Nothing speculative about it. They're going to sell. The question is whether there will be additional tax disadvantages that no one has talked about yet. If you don't care about that, you're not a very reasonable investor.
As far as enjoying the summer is concerned, I'm more than capable of enjoying my summer and considering significant economic issues. I can also chew gum at the same time. I'm multi-faceted, apparently unlike yourself.
Let's say Yahoo sells the core and patents and real estate to someone for, e.g., $6 billion. Would that not be a taxable event based on the sales price minus the difference between that $6 billion and the cost basis of those assets? In other words, assuming there's a $1 billion basis, wouldn't the after-tax value of a sale of those assets be closer to $4 billion, if you assume about 35% taxes?
And if that's true, what is the point of this sale, since the market -- in my opinion, anyway -- has never considered a tax deduction for the potential sale of non-Asian assets?
Well, the $5-8 (or $4-7)) is probably for all assets including patents and real estate, whereas the $2-3 probably did not include those assets, so that's kind of misleading. Also, if this turns out to cost Yahoo an extra billion dollars, that's a dollar a share that could have gone into my pocket, rather than being flushed down the toilet.
On a brighter note, maybe there will be no loss. It all depends if Mozilla wants to do business with the new buyer. If that turns out to be Verizon, why would Mozilla not want to hook up with them?
What the heck happened to all of those 100-page confidentiality agreements that all the potential buyers were complaining about? Are they unenforceable? Are there no severe penalty provisions? That being said, this Mozilla giveaway is one more huge and inexplicable bungle by MM. What an incompetent goof she's turned out to be.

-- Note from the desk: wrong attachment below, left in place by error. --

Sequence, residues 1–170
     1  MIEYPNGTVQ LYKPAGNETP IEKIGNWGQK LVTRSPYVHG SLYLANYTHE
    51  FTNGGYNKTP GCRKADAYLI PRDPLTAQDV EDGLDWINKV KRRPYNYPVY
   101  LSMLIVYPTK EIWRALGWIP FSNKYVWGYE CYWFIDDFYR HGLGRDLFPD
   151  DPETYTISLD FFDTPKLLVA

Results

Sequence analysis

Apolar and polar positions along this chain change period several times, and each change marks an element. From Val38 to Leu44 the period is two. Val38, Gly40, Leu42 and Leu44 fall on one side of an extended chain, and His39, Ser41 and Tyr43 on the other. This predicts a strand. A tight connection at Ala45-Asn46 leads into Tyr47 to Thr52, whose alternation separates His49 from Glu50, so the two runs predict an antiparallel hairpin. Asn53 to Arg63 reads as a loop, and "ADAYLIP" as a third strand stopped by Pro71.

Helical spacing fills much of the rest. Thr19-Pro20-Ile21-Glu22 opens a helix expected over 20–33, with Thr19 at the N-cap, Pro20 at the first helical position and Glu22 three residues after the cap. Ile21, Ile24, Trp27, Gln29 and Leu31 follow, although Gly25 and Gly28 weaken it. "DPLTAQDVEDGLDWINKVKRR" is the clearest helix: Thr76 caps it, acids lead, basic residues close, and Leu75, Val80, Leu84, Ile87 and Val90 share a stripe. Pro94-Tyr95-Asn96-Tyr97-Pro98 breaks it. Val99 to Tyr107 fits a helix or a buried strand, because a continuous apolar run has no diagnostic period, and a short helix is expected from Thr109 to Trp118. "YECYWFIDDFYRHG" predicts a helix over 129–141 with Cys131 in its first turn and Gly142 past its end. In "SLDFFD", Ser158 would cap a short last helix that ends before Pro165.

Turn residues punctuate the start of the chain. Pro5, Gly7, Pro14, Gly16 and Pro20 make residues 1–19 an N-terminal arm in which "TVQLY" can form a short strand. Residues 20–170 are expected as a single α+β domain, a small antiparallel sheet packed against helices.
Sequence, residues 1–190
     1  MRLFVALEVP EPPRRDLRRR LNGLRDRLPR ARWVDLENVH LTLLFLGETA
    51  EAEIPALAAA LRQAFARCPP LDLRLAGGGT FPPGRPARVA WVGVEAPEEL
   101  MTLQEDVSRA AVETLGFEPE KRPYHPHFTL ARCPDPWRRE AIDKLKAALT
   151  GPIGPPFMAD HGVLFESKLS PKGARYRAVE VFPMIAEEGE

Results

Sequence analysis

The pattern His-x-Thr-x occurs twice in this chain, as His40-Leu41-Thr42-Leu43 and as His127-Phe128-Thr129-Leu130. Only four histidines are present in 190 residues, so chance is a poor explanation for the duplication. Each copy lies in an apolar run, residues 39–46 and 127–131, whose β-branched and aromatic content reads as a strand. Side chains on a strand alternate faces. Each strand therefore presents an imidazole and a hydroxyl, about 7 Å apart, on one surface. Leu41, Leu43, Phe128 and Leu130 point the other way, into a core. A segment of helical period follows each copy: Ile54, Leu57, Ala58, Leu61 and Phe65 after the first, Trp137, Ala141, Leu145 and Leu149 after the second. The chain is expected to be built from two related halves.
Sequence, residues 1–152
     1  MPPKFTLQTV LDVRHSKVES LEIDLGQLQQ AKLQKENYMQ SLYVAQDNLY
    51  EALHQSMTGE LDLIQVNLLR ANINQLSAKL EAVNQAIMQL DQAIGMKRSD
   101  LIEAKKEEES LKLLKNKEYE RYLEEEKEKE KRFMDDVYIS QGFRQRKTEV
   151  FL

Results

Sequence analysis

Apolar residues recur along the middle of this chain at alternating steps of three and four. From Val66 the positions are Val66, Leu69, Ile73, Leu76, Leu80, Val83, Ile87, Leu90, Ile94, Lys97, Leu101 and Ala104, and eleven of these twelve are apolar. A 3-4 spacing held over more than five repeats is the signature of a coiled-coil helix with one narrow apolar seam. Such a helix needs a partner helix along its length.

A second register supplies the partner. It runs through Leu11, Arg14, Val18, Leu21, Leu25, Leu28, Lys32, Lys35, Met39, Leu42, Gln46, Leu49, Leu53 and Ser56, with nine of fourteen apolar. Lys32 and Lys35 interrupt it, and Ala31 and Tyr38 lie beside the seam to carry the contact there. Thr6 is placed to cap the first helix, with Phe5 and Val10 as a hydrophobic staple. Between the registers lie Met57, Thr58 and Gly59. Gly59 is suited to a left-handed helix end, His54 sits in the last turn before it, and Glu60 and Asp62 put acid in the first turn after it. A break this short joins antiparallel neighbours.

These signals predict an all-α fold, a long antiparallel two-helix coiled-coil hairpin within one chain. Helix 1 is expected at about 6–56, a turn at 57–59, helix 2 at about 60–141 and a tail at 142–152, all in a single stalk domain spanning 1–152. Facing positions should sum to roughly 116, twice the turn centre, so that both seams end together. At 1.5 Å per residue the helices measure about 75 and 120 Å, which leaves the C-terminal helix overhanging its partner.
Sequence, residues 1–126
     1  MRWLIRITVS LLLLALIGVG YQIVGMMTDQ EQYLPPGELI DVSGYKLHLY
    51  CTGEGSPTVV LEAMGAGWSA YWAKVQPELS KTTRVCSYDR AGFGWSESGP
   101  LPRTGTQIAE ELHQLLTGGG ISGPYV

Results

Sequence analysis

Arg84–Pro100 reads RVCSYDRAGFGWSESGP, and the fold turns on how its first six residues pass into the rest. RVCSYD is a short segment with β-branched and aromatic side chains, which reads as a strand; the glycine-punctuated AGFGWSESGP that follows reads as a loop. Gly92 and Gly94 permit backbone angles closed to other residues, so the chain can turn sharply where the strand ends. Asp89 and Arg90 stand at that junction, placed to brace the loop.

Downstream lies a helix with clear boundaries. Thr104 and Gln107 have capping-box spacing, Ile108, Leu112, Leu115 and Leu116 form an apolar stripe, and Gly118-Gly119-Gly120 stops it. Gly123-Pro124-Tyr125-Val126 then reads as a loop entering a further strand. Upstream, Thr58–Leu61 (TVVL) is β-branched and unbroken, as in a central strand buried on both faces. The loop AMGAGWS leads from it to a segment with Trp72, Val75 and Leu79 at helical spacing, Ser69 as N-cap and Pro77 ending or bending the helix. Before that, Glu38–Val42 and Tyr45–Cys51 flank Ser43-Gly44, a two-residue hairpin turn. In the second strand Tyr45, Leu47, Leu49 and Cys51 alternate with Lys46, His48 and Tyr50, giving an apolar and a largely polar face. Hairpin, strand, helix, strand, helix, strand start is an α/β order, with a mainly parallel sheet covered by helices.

Honest to goodness, pebble, when are you going to stop whining about your posts being deleted? I've been on this board for more than 4 and a half years and I've never had a post deleted. You're doing something wrong. If you can't figure out what in all that time, maybe it's you and not them.
The market has never valued the Yahoo core at zero. What it has done is to value it at about $5 billion and then valued all the Asian assets at a 35% discount, to reflect the tax bite that will eventually come if those holdings are sold. Figure it out.
Right now 35.5% of Yahoo Japan is worth $6.108B, after taxes. Yahoo's 383 million shares of BABA is worth $19.398B, again after taxes. Yahoo has a net of $4.73B cash after its debt is deducted. Yahoo's core, at $5B, brings the total Yahoo valuation to $35.236B. Since there are about 950 million shares outstanding, that puts the pps right now at $37.09, which is almost exactly today price.
Commentators who have claimed that the market is valuing the Yahoo core at zero -- or less -- have always either had an agenda or simply dispayed their ignorance of Yahoo and the still existing tax problems.
It #$%$ me off too. This company habitually refuses to let its actual shareholders know what is going on, hiding things until the last possible moment, usually till the quarterly earnings conference call -- and sometimes even beyond that by being ambiguous and then saying more news will be forthcoming.
I'm not a huge believer in shareholder class actions, but I sense a huge one is coming once MM is gone and information is finally revealed as to what occurred during her tenure.
That is a fair question and, until the cash is taken out of her hands, the stock will continue to be undervalued, because the market fears that she will just piss it away.
I'm hoping Yahoo will couple BABA and Yahoo Japan as a combined tracking stock, almost like a mutual fund without much need for management expenses. Am I wrong or doesn't the market usually discount those kinds of investments by about 10-15 percent?
If that's the way it goes, I could live with that.